Dr. Jeney was awarded the SSOM prize at the August 2005 meeting of the Swiss Society for Optics and Microscopy for her work in photonic force microscopy, the technique used in this research.

Mary Parlange | EurekAlert!
Further information:
http://www.epfl.ch

More articles from Physics and Astronomy:

nachricht Breaking the optical bandwidth record of stable pulsed lasers
24.01.2017 | Institut national de la recherche scientifique - INRS

nachricht European XFEL prepares for user operation: Researchers can hand in first proposals for experiments
24.01.2017 | European XFEL GmbH

All articles from Physics and Astronomy >>>

The most recent press releases about innovation >>>

Die letzten 5 Focus-News des innovations-reports im Überblick:

Im Focus: Scientists spin artificial silk from whey protein

X-ray study throws light on key process for production

A Swedish-German team of researchers has cleared up a key process for the artificial production of silk. With the help of the intense X-rays from DESY's...

Im Focus: Quantum optical sensor for the first time tested in space – with a laser system from Berlin

For the first time ever, a cloud of ultra-cold atoms has been successfully created in space on board of a sounding rocket. The MAIUS mission demonstrates that quantum optical sensors can be operated even in harsh environments like space – a prerequi-site for finding answers to the most challenging questions of fundamental physics and an important innovation driver for everyday applications.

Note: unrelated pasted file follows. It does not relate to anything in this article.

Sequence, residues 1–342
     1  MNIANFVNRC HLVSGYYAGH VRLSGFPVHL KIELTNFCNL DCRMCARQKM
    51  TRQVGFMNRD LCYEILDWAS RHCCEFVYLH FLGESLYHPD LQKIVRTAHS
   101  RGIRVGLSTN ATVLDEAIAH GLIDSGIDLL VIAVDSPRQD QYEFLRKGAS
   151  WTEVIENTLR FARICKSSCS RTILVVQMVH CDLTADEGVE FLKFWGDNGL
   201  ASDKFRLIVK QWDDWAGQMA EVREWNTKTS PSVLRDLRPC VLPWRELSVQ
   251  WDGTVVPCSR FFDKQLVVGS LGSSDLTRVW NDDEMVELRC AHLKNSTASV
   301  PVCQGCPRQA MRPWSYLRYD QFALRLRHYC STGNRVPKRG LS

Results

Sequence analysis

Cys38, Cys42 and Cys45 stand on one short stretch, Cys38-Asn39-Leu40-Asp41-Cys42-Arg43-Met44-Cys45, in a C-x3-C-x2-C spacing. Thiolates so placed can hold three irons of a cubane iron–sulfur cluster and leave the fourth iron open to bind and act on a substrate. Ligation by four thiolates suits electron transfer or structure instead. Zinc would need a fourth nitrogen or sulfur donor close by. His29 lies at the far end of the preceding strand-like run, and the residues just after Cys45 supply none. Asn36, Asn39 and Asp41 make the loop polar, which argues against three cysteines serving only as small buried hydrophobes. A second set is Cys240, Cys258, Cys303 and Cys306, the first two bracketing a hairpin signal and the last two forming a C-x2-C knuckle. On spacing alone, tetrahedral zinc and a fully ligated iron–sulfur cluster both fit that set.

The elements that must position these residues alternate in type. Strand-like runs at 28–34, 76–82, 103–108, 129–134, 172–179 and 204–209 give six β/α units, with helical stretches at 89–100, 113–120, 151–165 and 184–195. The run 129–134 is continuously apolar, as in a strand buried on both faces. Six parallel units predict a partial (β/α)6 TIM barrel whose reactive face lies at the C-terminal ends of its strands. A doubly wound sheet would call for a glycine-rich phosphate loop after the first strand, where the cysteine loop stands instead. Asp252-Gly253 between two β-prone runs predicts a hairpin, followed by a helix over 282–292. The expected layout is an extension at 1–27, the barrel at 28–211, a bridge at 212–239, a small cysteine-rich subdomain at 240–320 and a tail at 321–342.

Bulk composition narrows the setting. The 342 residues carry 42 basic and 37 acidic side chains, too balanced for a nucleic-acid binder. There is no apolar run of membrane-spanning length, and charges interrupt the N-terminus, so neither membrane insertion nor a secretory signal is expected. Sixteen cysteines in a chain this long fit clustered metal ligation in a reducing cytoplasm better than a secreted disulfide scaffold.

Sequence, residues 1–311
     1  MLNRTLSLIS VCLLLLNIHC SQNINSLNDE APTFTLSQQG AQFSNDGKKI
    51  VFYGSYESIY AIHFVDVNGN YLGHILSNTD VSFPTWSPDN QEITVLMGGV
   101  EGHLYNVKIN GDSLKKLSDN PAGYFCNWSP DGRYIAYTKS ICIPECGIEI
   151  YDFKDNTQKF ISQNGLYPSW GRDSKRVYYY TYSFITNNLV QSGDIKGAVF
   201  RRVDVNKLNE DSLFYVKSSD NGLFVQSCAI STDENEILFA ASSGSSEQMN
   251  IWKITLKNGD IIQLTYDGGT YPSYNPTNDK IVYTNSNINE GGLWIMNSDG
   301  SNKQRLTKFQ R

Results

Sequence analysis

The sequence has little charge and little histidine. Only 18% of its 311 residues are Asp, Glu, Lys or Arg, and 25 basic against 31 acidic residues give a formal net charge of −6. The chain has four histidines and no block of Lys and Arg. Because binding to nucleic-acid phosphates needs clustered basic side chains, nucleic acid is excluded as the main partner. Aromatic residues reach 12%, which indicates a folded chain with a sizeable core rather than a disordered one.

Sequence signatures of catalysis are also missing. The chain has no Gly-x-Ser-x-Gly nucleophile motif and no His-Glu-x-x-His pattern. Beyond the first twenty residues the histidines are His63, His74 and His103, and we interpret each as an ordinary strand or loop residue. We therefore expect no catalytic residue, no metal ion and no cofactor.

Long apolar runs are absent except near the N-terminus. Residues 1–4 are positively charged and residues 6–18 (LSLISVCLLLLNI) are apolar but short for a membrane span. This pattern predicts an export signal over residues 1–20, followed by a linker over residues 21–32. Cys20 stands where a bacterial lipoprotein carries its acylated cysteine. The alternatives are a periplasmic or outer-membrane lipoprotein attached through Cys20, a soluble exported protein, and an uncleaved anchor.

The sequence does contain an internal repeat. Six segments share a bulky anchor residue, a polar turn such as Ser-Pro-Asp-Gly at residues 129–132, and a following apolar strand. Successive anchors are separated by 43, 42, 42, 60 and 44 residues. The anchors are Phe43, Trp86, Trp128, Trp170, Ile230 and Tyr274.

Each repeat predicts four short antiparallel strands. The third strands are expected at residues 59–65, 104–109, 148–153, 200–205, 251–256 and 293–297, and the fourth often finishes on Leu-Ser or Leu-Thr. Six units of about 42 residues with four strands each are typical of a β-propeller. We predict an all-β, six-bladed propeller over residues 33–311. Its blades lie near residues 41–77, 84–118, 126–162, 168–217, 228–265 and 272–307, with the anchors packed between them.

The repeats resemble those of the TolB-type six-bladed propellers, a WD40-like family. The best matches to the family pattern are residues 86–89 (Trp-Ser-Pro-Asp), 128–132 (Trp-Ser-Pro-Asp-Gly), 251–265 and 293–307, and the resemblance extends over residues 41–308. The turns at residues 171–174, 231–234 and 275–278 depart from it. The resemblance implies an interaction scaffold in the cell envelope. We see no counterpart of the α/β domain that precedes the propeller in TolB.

According to Albert Einstein's Equivalence Principle, all bodies are accelerated at the same rate by the Earth's gravity, regardless of their properties. This...

Im Focus: Traffic jam in empty space

New success for Konstanz physicists in studying the quantum vacuum

An important step towards a completely new experimental access to quantum physics has been made at University of Konstanz. The team of scientists headed by...

Im Focus: How gut bacteria can make us ill

HZI researchers decipher infection mechanisms of Yersinia and immune responses of the host

Yersiniae cause severe intestinal infections. Studies using Yersinia pseudotuberculosis as a model organism aim to elucidate the infection mechanisms of these...

Im Focus: Interfacial Superconductivity: Magnetic and superconducting order revealed simultaneously

Researchers from the University of Hamburg in Germany, in collaboration with colleagues from the University of Aarhus in Denmark, have synthesized a new superconducting material by growing a few layers of an antiferromagnetic transition-metal chalcogenide on a bismuth-based topological insulator, both being non-superconducting materials.

While superconductivity and magnetism are generally believed to be mutually exclusive, surprisingly, in this new material, superconducting correlations...

All Focus news of the innovation-report >>>

Anzeige

Anzeige

Event News

Sustainable Water use in Agriculture in Eastern Europe and Central Asia

19.01.2017 | Event News

12V, 48V, high-voltage – trends in E/E automotive architecture

10.01.2017 | Event News

2nd Conference on Non-Textual Information on 10 and 11 May 2017 in Hannover

09.01.2017 | Event News

 
Latest News

Breaking the optical bandwidth record of stable pulsed lasers

24.01.2017 | Physics and Astronomy

Choreographing the microRNA-target dance

24.01.2017 | Life Sciences

Spanish scientists create a 3-D bioprinter to print human skin

24.01.2017 | Health and Medicine

VideoLinks
B2B-VideoLinks
More VideoLinks >>>